author = "{Ng Tseung-Wong}, Caroline and {van der Werf}, Femke and Maykel Verkuyten and Borja Martinovic",
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What it means to be a national: A study among adolescents in multicultural Mauritius. / Ng Tseung-Wong, Caroline; van der Werf, Femke; Verkuyten, Maykel; Martinovic, Borja.

In: Cultural Diversity and Ethnic Minority Psychology, Vol. 24, No. 4, 2018.

Research output: Contribution to journalArticle

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T1 - What it means to be a national: A study among adolescents in multicultural Mauritius

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AU - van der Werf, Femke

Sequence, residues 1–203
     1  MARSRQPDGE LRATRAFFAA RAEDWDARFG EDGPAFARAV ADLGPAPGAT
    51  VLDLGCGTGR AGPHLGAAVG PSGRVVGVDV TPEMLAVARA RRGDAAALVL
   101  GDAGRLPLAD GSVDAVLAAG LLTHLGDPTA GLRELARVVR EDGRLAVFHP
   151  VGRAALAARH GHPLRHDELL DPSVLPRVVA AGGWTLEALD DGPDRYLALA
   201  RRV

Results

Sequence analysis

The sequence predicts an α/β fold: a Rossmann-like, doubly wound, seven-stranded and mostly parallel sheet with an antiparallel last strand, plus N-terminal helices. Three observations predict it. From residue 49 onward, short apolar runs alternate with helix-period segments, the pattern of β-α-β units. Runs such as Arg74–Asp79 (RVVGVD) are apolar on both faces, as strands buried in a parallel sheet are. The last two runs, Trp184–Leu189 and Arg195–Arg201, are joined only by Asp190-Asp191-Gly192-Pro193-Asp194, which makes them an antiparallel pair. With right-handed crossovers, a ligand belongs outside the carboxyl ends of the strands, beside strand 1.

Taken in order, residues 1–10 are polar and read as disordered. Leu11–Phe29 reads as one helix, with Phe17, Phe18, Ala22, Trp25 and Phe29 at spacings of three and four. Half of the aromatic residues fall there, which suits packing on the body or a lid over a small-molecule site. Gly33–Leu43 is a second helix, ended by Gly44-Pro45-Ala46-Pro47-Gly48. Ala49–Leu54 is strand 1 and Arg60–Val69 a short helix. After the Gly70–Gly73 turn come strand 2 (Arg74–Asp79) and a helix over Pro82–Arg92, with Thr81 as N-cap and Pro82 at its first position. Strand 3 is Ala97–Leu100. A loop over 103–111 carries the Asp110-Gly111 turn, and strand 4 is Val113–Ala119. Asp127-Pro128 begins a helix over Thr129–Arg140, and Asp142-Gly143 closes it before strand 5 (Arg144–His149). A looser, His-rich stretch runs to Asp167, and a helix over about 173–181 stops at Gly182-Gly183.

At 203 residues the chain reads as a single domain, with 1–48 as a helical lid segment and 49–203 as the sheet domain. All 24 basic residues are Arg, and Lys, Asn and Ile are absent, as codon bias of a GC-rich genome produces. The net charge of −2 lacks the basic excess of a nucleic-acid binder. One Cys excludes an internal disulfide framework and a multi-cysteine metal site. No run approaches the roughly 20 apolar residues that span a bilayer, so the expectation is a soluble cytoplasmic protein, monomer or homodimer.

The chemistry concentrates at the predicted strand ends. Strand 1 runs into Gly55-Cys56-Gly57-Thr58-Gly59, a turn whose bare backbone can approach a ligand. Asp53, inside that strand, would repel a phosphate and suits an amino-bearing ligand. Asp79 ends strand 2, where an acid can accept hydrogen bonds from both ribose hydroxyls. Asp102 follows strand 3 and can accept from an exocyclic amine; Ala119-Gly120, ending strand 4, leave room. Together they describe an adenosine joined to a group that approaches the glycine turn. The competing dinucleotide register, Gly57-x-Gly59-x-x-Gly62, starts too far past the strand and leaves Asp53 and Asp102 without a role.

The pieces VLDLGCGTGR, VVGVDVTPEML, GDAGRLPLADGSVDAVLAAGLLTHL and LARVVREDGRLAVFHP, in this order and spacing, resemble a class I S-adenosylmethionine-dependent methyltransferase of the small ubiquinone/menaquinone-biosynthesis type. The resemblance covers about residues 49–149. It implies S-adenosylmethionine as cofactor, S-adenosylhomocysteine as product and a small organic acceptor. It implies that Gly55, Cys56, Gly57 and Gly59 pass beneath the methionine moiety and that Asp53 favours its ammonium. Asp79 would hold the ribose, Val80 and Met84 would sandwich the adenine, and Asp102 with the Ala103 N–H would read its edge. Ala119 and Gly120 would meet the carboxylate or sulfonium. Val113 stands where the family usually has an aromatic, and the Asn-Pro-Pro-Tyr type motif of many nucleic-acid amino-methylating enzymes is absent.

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AB - Objectives: We investigated adolescents’ understandings of national group membership in multicultural Mauritius. We hypothesized that tolerance toward different cultures would be an important criterion for being Mauritian. In addition, national identity was expected to be defined in terms of “being,” “feeling,” and “doing.” The type of definition, and whether stopping being Mauritian is perceived as possible, was expected to depend on age and national identification. Possible differences by cultural group membership were explored. Method: The sample consisted of 2,190 adolescents of predominantly the three main cultural groups in Mauritius (Hindus, Muslims, and Creoles; Mage = 14.8 years, SDage = 1.7; 53% girls, 47% boys). Multiple correspondence and regression analyses were used to test the hypotheses. Results: The most important criterion mentioned for being Mauritian was respecting cultural diversity. Further, the criteria for national belonging could be clustered into being, feeling, and doing Mauritian. Older adolescents and higher national identifiers defined national belonging more in terms of feeling and less in terms of being than younger adolescents and lower national identifiers. In addition, they considered national identity to be less changeable. There were no clear differences between the three cultural groups. Conclusions: This study reveals the central importance of mutual respect and tolerance as the defining criterion for being Mauritian. Moreover, the feeling, being, and doing clusters of criteria provide a theoretically interesting distinction for understanding national belonging. It is recommended to test their possible correlates further and to use adult samples as well.